How good is Medicaid at improving the most basic health outcomes for the poor? Not very good, a new study of Oregon's Medicaid system shows. And that should give everyone pause about expanding this deeply flawed program.
In a nutshell, the Oregon experiment followed thousands of people who enrolled in Medicaid in 2008, and thousands who chose not to enroll. Results recently published in the New England Journal of Medicine show that Medicaid enrollees consumed a lot more health care services, but showed no better outcomes on the three objective health measures studied: blood sugar, blood pressure and cholesterol. They were less depressed, which makes sense, given that they had basic health insurance.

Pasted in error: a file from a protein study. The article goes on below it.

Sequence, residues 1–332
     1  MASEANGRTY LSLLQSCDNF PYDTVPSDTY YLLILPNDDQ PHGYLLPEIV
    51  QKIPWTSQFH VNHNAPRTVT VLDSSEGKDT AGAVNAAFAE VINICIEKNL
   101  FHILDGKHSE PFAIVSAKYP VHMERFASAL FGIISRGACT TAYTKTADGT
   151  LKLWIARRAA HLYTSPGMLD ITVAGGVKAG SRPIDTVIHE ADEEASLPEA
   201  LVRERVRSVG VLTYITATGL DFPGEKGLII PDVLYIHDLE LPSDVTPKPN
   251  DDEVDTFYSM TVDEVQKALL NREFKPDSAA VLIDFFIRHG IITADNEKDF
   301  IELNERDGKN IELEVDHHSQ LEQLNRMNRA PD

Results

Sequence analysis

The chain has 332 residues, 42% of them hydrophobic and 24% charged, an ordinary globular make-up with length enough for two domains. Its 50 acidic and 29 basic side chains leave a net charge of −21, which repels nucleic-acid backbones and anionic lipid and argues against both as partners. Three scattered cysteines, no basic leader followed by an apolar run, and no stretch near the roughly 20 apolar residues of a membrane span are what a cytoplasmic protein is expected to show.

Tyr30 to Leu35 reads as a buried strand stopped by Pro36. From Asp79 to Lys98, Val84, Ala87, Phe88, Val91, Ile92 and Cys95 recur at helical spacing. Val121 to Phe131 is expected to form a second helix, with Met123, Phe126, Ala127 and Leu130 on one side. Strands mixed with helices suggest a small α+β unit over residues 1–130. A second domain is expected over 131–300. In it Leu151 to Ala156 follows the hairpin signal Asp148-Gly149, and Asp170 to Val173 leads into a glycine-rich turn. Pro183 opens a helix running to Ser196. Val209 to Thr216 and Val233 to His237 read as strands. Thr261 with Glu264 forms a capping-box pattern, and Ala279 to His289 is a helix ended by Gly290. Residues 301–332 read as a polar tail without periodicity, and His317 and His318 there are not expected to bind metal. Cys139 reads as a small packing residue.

The nation spends about $450 billion a year on Medicaid, and Obamacare is set to spend $750 billion more over the next decade by expanding it. That was a foolish move when Obamcare was passed, and it is even more obviously foolish now.
If the goal is to keep the poor from getting poorer, or to help them pay for basic health insurance, there are far better ways to do both. The current method is deeply wasteful. We could help the poor for less and get better outcomes. But say that and you will be labeled anti-poor. Such is politics today.